Nov 3, 2010 my regular sling broke, so I took it off. Nov 4, 2010 I shot the biggest buck of my life -- 20 yards running, one bound from being gone. I am 'usually' in ready position but am sure am glad I didn't have my gun on sling for that encounter. After 2011 season, I wanted some kind of sling again, and I bought a Cabela's Safari sling also. I still-hunted 7-8 days in early November this year, and after a couple days I put it on the gun... You can rest the gun off and on all day and stay in ready position. Some days I took the sling off completely and some days I used it. But it is definitely slick.
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Re: The final step in tracking - making the shot

Unread postby Hodag Hunter » Tue Dec 18, 2012 11:26 am

magicman54494 wrote:
Hodag Hunter wrote:You write up this bit advice to make fun of me after I told you my "miss" story this morning? :lol: ;)

Was that you that called this morning? I was still asleep and could'nt remember who called. What did you miss?


Don't really know......was running really really fast. I think a 180" buck? :lol:
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Re: The final step in tracking - making the shot

Unread postby Singing Bridge » Tue Dec 18, 2012 12:33 pm

I've been enjoying your latest series of posts, Todd- Great job, man!
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Re: The final step in tracking - making the shot

Unread postby BGHUNTER » Tue Dec 18, 2012 4:15 pm

Public Land Beast wrote:I have a safari sling from Cabelas. My gun just hangs in front of me and at the ready. Both my hands are free. Plus it doesn't move or bounce around like those cheap rubber knockoffs. This way if I'm in the woods, I'm always hunting.. People who walk thru the woods with their rifle slung are not .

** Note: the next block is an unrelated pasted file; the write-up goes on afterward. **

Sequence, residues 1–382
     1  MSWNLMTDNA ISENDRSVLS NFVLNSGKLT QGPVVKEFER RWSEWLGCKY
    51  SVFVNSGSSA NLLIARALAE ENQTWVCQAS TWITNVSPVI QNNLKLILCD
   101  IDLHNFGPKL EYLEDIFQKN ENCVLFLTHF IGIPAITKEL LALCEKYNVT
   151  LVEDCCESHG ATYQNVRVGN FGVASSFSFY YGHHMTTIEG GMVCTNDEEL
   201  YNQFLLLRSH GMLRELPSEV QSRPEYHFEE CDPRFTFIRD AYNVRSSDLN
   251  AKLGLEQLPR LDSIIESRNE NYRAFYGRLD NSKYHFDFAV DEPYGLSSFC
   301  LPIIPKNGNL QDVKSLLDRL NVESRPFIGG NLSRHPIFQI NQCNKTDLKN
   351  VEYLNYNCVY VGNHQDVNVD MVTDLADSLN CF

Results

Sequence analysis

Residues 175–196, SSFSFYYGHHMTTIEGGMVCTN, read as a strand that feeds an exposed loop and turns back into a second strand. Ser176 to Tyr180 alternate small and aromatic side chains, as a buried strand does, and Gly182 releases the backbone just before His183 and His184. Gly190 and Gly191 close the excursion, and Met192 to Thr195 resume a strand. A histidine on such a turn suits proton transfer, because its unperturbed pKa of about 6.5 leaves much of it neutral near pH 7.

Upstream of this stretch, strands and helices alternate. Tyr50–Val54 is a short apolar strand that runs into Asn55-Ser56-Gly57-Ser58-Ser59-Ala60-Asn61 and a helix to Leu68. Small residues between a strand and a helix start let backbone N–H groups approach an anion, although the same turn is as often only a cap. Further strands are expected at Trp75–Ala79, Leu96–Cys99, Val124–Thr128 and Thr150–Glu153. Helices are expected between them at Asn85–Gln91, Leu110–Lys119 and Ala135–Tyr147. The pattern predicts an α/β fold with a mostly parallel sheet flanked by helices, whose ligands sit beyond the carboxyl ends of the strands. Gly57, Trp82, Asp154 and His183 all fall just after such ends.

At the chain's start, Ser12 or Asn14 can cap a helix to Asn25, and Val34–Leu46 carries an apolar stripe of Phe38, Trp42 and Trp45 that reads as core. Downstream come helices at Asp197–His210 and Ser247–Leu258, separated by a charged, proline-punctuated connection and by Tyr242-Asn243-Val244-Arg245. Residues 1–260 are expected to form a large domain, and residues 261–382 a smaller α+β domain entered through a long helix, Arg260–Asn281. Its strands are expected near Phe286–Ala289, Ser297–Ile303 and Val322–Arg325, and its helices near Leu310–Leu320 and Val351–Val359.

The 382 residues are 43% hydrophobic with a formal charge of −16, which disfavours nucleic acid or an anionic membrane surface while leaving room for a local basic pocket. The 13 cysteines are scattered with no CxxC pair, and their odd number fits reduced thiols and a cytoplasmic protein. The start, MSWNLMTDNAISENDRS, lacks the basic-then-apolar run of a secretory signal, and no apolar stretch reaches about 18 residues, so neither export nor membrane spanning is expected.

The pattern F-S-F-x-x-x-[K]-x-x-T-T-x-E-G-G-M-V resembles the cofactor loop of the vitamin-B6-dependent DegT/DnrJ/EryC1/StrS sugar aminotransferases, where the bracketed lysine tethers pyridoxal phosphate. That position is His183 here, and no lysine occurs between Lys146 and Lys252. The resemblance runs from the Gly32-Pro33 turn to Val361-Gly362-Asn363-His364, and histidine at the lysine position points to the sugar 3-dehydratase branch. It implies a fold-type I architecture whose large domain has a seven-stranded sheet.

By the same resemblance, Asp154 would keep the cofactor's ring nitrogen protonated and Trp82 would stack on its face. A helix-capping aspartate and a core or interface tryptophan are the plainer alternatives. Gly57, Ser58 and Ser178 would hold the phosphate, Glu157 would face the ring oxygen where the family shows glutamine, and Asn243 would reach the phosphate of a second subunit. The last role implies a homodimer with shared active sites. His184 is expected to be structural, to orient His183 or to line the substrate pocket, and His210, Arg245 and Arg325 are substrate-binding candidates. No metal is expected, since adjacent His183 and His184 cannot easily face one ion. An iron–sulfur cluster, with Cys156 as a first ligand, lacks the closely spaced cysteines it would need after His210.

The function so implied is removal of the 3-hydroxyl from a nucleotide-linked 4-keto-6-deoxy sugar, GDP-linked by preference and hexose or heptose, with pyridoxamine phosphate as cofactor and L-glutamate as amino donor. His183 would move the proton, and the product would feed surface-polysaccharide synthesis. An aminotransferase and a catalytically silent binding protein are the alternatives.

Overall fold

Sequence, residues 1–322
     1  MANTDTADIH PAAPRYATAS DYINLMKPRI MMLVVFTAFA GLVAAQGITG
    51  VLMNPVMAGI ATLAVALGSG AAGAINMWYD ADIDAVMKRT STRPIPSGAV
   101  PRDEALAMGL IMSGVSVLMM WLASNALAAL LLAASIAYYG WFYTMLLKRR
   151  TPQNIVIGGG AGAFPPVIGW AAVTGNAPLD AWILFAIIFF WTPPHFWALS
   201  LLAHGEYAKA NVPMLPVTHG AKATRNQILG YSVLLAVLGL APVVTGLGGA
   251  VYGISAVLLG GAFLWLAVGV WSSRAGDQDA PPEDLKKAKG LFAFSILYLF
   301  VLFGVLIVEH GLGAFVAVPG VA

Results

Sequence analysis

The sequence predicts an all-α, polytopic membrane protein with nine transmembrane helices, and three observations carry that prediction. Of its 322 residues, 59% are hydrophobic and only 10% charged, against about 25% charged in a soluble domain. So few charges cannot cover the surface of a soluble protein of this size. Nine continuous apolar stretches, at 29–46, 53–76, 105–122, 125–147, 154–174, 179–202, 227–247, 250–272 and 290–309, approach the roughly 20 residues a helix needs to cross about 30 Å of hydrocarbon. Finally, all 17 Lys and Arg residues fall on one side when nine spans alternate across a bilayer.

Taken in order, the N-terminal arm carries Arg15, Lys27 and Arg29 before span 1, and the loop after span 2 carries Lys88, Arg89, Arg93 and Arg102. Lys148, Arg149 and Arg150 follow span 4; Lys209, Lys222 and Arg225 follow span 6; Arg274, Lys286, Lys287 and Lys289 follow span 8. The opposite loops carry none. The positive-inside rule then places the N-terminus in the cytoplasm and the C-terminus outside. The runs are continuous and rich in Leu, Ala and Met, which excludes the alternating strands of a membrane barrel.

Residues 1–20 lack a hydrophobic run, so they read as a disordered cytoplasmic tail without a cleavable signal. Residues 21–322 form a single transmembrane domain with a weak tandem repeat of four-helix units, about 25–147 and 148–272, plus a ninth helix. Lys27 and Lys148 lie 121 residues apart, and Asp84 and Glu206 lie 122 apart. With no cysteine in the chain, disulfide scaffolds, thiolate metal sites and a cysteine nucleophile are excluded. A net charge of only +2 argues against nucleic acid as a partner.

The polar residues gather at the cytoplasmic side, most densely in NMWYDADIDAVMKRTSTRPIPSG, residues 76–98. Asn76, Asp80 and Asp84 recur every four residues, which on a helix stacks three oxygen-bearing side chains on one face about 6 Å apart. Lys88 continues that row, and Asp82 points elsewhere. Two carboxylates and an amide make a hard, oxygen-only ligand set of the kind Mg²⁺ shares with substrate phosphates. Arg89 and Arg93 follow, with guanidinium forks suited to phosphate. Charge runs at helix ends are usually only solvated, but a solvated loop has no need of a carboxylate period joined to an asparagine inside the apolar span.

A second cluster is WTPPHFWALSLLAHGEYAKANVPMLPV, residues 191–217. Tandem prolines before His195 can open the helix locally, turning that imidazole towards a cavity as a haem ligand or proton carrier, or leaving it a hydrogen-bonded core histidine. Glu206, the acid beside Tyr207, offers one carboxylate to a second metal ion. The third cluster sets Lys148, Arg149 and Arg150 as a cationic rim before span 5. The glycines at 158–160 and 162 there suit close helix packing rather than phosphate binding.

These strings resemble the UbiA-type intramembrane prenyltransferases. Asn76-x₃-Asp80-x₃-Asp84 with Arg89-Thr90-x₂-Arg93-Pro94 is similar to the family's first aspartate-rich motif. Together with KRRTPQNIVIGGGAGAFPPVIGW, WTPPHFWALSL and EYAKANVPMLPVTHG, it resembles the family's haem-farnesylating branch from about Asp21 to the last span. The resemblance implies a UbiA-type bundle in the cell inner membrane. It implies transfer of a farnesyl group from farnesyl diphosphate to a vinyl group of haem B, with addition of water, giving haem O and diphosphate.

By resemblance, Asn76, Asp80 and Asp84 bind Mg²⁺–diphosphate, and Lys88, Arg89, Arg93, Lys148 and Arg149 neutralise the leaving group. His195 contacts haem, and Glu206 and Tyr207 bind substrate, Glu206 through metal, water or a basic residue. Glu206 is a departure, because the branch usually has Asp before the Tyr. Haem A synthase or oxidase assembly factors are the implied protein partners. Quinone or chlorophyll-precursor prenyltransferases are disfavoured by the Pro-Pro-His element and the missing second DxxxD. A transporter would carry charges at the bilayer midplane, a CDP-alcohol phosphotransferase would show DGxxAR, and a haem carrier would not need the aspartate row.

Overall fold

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I bought one of those this year and used it on my rifle and muzzleloader, works great.
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Re: The final step in tracking - making the shot

Unread postby Stanley » Tue Dec 18, 2012 5:26 pm

Great thread.
You can fool some of the bucks, all of the time, and fool all of the bucks, some of the time, however you certainly can't fool all of the bucks, all of the time.
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Re: The final step in tracking - making the shot

Unread postby Edcyclopedia » Wed Dec 19, 2012 1:56 am

magicman54494 wrote:
Edcyclopedia wrote:I keep my sling in my CamelBak.
I like using 220 gr. in my .30-06 Browning Bar (Semi).
I have 4-clips ready to go...
Just got to get them leaking a little and you'll find them in snow!!!

Go to the 4:15 mark for some shooting excersies (the whole vid is actually pretty good...)
https://www.youtube.com/watch?v=6rpnvndTPYc


Nice video. 4 clips,wow that's a lot of ammo. I carry 4 shells in the gun and 5 in my back pocket. I try to limit the weight I carry as much as poss.



No wonder I'm not wacking big deer I have too many clips --> I guess I need to shed 7-shots before next year ;)
Please don't torture those 5-shells - peew!
Expect the Unexpected when you least Expect it...